However, the recent and tragic death of two women at Tilamol, Quepem should make us think about faulty economic policies of the State a bit more critically. This is not the first time that people have been killed at the very same spot in Tilamol. If we go back in time in 2010, a rasta roko was staged by the angry inhabitants of Curchorem and Quepem after a similar incident where a man was crushed to death. This was at the time when mining-related transportation was in full swing. Six years later, another mining-related heavy-vehicle is the cause of two deaths. While the residents of Quepem and Curchorem, then as now, demanded a separate bypass road solely for the purpose of mining transportation, nothing has come of the demand. What this also indicates is that the State is not able to effectively balance between the flow of economic activities – of which transport/roads form a major part – and the everyday life of the common people. Thus, while the person at the wheel of a heavy-vehicle is indeed indulging in reckless and potentially harmful behavior, the lack of foresight and planning on the part of the State aggravates the problem.

Similarly, one can think of road-widening projects as being counter-productive for the general safety on roads. It increasingly appears that roads are widened or repaired so that they would look good, rather than properly regulate the flow of traffic – for the traffic-flow does not improve substantially. What further complicates the situation in Goa is that the tiny or narrow roads in the villages can immediately meet a national highway, and cause confusion in the minds of the drivers. The new bypass roads constructed as an aid to the existing highways are a good example, as they run through rice-fields and villages. That land is fast depleting in Goa should also make us realize that road-widening is not a viable option.

So, we are slowly coming to realize the intervention by the State through policing, fines, awareness campaigns, regulations, and infrastructure development is not helping. Further the suitability of the urban and economic vision of the State, which privileges a neo-liberal, faster-bigger-is-better vision, should really be examined again. Rather than asking whom one should blame, it might be more useful to demand that thorough professionals be employed who are committed to a vision of streamlining and regulating the existing roads in Goa – with their close proximity to houses, trees, and other structures. Possibly, each and every road needs to be studied as to how this links to other roads and what is the best way to regulate it. In other words, the network of village, taluka, district, and city roads need to be studied as a particularly Goan problem, if we would like a meaningful solution. That and providing efficient public transport may be the only meaningful solution to the problems on roads.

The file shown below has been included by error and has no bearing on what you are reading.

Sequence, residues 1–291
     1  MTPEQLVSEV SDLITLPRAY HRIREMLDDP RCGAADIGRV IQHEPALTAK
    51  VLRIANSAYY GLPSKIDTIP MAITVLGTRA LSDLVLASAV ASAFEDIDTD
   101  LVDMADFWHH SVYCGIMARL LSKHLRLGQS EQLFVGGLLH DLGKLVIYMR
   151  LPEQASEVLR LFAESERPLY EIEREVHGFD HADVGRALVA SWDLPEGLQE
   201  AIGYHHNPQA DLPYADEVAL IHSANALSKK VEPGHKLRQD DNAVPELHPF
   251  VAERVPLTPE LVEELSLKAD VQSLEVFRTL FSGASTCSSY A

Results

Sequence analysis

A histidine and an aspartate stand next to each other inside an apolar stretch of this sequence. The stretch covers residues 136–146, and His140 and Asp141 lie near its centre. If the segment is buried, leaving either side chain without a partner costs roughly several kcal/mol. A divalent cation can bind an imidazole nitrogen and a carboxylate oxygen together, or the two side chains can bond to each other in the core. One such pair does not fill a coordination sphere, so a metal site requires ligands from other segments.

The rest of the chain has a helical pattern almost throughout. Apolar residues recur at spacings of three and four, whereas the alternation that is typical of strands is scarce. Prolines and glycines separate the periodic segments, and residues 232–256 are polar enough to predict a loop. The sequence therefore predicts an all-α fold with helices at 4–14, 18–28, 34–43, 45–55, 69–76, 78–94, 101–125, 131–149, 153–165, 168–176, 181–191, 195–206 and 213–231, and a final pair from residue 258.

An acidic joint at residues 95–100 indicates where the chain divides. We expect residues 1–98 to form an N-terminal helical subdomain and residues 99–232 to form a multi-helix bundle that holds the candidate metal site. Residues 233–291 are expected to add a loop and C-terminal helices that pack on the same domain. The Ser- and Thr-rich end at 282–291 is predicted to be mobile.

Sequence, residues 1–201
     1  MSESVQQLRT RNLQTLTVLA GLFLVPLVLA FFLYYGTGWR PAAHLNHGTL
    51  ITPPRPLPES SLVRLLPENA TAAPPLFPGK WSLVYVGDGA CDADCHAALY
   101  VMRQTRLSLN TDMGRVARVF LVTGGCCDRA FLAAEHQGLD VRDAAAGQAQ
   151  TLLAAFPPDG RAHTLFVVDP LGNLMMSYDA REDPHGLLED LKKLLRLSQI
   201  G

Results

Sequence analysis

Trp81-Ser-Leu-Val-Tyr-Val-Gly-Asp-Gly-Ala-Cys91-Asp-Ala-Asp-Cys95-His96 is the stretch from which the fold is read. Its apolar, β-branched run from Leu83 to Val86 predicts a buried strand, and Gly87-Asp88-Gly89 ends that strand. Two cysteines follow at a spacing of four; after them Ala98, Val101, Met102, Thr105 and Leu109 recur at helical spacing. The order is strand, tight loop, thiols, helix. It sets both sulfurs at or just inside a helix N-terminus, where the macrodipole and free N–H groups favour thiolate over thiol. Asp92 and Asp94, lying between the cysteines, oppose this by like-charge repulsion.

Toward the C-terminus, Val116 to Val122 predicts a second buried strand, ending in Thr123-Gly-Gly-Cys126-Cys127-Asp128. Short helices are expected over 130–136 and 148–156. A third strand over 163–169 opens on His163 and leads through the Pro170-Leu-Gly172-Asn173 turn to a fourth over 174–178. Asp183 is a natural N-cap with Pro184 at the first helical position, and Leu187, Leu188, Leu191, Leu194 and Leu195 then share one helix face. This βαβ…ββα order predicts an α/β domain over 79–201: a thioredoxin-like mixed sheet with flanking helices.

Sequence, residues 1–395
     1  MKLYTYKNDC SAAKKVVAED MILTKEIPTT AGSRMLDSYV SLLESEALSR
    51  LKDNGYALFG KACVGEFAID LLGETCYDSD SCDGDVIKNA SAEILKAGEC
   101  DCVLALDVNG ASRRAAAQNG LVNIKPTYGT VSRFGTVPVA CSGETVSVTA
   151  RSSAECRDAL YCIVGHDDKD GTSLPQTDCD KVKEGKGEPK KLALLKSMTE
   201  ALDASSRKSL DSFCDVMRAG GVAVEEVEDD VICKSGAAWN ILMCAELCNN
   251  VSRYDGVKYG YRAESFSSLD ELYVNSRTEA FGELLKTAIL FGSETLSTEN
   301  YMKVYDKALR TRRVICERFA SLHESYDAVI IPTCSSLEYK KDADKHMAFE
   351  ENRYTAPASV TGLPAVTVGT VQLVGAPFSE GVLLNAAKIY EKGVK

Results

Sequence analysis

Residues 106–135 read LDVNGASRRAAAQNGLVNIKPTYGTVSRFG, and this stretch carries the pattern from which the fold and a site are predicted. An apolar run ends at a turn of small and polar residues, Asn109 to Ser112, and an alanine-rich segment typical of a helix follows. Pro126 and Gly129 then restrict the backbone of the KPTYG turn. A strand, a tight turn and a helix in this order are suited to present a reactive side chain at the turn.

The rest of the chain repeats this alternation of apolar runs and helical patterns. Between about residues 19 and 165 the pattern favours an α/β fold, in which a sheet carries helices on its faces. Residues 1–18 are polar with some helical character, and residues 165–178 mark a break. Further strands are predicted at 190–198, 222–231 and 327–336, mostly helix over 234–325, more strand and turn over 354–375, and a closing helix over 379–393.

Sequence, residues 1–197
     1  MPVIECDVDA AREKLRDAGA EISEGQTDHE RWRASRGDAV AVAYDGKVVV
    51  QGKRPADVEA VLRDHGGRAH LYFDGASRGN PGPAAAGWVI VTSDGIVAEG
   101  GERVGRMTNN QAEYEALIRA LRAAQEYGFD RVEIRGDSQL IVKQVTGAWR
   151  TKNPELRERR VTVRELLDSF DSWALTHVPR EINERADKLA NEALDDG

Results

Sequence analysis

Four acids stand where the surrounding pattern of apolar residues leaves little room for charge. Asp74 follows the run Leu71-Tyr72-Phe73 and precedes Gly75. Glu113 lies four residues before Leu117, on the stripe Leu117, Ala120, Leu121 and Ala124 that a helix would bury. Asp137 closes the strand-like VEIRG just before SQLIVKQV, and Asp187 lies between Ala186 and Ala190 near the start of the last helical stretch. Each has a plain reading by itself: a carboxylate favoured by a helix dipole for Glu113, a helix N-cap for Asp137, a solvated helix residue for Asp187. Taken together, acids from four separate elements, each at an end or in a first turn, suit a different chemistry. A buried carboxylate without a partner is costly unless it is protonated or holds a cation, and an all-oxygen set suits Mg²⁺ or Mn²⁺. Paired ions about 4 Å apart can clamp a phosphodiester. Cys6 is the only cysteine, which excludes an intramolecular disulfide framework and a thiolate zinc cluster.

I have in the past argued that the experience of Goan roads is marred by the aggression that motorists subject each other to. We need to recognize how individual behavior frustrates the implementation of state policies that are obviously beneficial, and how faulty state policies lead to chaos – and even death on roads. Both are two sides of the same coin.

Illustration: Angela Ferrao

(First published in O Heraldo, dt: 11 May, 2016)